Friday, August 28, 2015

Minions (2015) Review:

Stories can be told in any direction and when it comes to movies, studios love to make franchises involving sequels and prequels. Despicable Me (2010) was a surprise hit that had intelligent writing, amiable main characters, plenty of comedy and heartwarming character development. When Despicable Me 2 (2013) came out, it not only continued its success financially but also critically by preserving the elements that worked in the initial installment. Of both films the character that became the official mascot of the series was the minion; the yellow, google eyed, muddle mouthed, squishy, denim overall wearing pills that followed Gru until the ends of the Earth for him to accomplish his mission to be the greatest villain mastermind. It is because they became so popular that a film revolving entirely around them was made. Thus this prequel serves as the backstory to how the minions got to the point of Despicable Me (2010). The question is, does it serve its purpose - kind of but not entirely.

Bob, Kevin & Stuart
The plot to this prequel is actually a bit convoluted. Since the beginning of time minions have roamed the earth looking for a bigger and badder antagonist to follow. After trying through multiple time periods and failing miserably, the minions finally go into isolation. Over time their life becomes stagnant and three minions named Kevin, Bob and Stuart (Pierre Coffin) decide to go out into the world and find their groupies an evil leader to follow. On their travels they see an add for VillianCon - an underground society where evil geniuses around the world come together to celebrate being bad. There the trio find Scarlett Overkill (Sandra Bullock), an outlandish hyper-stylized fem-fatale who has the rights of being the first female villain. For this feature, Brian Lynch (Puss in Boots (2011)& Hop (2011)) served as the screenwriter and seems appropriate since Puss in Boots (2011) was also a prequel film to that of Shrek (2001). However even with this credit given, there's a lot that isn't answered.

The voice acting performed by Pierre Coffin and Sandra Bullock are the highlights in the acting. There are other voice appearances throughout like Jon Hamm playing Scarlett's boyfriend, Michael Keaton as a rogue father of a crime family and Geoffrey Rush as the narrator of the story. Yet none of the other characters are that important because they do not appear in Despicable Me (2010) or Despicable Me 2 (2013); it's rather disappointing. Animation and direction is also a plus. Kyle Balda (Co-Director of The Lorax (2012)) took full reigns of the project and it is competent. The lead character animator credit belongs to Christophe Delisle who has also worked on The Lorax (2012) and Despicable Me 2 (2013). Delisle's animation is smooth, colorful and is comical when it needs to be. Another interesting thing to take note of is the gradual alterations that have been given to Kevin, Stuart and Bob. There's a difference in their designs seeing them from Despicable Me (2010) to now. Possibly the most notable change is that Bob isn't so wide, he's been thinned down some.

For writing other than the main plot, there are several parts that don't make a whole lot of sense. For one, are minions immortal? Besides surviving some of the most hostile environments, did anyone else notice that they haven't aged since they came onto the screen? They lived from the dinosaur age, medieval times to mid 20th century. There's not even a real explanation to where they came from. Another big question are historical records. If minions have existed for this long in time, just how exactly do people in later times not know who they are? Surely someone must have documented such indestructible and loyal creatures. Then there's the whole separate issue of the humans in this particular universe. Unfortunately for England, London was the choice for setting and some of what is displayed is overly exaggerated. The UK police have car chases while pouring hot cups of tea - alright. The whole country of England hands over their entire kingdom to anyone who wears the crown - ummm yeah. I don't think the humans from Despicable Me (2010) or Despicable Me 2 (2013) were this silly.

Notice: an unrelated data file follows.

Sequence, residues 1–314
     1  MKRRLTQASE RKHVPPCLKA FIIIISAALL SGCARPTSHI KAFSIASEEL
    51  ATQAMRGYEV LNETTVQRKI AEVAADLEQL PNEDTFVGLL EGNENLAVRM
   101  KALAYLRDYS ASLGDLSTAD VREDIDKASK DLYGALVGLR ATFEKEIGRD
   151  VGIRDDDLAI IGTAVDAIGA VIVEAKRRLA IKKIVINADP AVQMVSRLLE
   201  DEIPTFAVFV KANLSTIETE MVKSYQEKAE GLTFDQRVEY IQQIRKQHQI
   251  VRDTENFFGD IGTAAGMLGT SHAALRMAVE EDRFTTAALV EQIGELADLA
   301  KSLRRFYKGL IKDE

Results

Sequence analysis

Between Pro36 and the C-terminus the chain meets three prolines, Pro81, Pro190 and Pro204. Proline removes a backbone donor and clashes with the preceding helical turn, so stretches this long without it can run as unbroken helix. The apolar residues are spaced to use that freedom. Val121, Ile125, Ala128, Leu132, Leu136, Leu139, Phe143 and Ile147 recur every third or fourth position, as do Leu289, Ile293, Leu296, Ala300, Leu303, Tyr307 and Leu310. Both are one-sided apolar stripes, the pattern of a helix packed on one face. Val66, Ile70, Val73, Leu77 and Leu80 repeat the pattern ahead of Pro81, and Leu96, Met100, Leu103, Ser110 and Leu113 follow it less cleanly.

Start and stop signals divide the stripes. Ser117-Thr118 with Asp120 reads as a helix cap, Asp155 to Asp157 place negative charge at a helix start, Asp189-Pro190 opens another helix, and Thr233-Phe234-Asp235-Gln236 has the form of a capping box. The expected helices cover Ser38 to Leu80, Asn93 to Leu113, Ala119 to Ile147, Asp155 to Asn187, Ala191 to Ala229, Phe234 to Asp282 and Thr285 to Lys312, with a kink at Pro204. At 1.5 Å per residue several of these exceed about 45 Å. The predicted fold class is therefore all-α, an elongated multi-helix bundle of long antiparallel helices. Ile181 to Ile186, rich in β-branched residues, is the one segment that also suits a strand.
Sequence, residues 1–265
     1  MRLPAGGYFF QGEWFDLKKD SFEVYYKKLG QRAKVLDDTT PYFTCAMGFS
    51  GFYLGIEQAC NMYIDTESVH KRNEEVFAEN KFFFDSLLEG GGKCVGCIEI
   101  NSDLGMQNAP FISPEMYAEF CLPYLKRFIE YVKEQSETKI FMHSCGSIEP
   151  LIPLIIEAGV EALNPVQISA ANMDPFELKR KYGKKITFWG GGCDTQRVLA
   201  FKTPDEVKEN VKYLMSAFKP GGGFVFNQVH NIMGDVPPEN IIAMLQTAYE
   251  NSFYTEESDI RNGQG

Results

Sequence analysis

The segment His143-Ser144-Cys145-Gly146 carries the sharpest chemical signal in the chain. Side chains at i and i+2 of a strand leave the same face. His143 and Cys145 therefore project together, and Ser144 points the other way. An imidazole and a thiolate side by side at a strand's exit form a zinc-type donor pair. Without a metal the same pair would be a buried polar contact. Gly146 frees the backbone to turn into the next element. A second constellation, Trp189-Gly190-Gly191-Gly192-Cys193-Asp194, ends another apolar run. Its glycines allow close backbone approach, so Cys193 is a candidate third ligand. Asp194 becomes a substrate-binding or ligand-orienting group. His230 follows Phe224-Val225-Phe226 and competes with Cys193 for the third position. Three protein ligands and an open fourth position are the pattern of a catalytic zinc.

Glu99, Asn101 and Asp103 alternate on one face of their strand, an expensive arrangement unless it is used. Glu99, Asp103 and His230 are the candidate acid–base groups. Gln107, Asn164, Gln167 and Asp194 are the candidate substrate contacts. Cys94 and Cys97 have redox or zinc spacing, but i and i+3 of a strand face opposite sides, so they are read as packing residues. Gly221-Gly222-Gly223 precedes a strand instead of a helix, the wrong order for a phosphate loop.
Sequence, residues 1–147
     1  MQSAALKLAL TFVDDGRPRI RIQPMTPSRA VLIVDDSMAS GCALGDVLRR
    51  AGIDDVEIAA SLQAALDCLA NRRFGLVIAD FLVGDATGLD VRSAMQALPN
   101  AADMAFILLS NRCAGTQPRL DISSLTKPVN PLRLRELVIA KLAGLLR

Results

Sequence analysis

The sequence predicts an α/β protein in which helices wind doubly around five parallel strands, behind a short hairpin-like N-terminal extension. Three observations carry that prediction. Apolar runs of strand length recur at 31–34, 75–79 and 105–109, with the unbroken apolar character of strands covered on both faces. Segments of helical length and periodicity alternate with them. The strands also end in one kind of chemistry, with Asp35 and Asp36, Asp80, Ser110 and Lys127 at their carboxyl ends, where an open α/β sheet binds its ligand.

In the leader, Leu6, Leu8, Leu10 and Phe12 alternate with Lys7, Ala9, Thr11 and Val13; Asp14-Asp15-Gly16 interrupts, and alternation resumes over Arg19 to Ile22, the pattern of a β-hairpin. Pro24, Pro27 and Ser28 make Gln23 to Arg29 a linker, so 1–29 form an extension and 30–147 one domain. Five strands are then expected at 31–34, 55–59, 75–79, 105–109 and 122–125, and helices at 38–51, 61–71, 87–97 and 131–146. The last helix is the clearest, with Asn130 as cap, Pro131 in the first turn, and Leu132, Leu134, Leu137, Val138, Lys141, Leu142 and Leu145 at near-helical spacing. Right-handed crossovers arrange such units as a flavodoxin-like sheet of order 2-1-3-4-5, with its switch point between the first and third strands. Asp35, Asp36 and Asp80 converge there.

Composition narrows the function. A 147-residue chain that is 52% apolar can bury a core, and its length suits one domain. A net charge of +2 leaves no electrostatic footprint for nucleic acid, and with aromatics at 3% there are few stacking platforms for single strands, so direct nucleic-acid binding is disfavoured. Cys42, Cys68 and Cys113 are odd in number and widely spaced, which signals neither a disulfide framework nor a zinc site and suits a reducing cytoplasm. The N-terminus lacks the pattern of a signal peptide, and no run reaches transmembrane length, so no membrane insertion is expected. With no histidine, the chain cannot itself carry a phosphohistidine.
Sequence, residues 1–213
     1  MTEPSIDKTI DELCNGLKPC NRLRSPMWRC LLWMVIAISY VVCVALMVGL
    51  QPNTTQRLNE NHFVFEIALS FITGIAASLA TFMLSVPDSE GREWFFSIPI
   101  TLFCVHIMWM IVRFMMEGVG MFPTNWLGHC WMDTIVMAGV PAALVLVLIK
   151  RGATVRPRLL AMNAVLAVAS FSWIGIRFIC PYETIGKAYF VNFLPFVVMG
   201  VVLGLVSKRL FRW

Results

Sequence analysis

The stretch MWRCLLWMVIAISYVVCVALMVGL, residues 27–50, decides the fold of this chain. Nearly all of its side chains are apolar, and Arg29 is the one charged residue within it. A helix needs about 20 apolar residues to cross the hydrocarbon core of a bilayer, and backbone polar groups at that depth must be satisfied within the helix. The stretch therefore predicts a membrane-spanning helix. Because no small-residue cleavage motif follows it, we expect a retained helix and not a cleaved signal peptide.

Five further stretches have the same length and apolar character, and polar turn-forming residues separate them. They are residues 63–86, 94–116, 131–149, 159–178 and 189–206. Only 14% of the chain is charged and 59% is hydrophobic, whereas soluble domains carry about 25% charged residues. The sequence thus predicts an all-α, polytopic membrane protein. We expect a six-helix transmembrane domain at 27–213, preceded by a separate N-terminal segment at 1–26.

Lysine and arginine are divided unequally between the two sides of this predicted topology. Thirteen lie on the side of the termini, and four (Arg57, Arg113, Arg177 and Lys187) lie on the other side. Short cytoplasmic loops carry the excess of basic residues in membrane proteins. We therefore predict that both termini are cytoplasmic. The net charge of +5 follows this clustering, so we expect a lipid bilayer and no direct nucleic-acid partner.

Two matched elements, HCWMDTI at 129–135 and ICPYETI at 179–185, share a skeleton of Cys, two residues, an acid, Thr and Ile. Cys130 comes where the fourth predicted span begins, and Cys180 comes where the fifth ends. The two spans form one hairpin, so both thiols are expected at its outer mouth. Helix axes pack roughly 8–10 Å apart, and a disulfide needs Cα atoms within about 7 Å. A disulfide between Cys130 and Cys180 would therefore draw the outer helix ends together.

Scarlett Overkill
The human character reactions to what the minions say on screen is also half and half. Sometimes they look like they understand and other times not. This too goes for the audiences' reactions. This feature unfortunately suffers from taking a supporting character and making it a main character. Sometimes it's not a good idea, especially if you can't grasp their language. Remember The Star Wars Holiday Special (1978)? Yeah it's not as bad as that but same concept. Lucky for us the minion-ese language consists of various common words so it's not as tough as understanding wookies. The music was adequate for the film. Series composer Heitor Pereira returns and maintains the same feeling of the music although there is no main theme. Adding to that are a bunch of old school soundtrack songs from popular English rock bands during the late 1960s such as The Rolling Stones, The Beatles, The Monkeys and others. It's appropriate for the setting.

The voice-acting is fine, the animation looks better than ever and the music works. Honestly for a prequel it is not as well crafted as Despicable Me (2010) or its sequel. Even though it nicely ties in the events that took place before the minions met Gru, it leaves a lot of big questions in its place. Those minions are lucky they're so likable because otherwise it would not have been as enjoyable even at the most minimal level.

Points Earned --> 6:10

No comments:

Post a Comment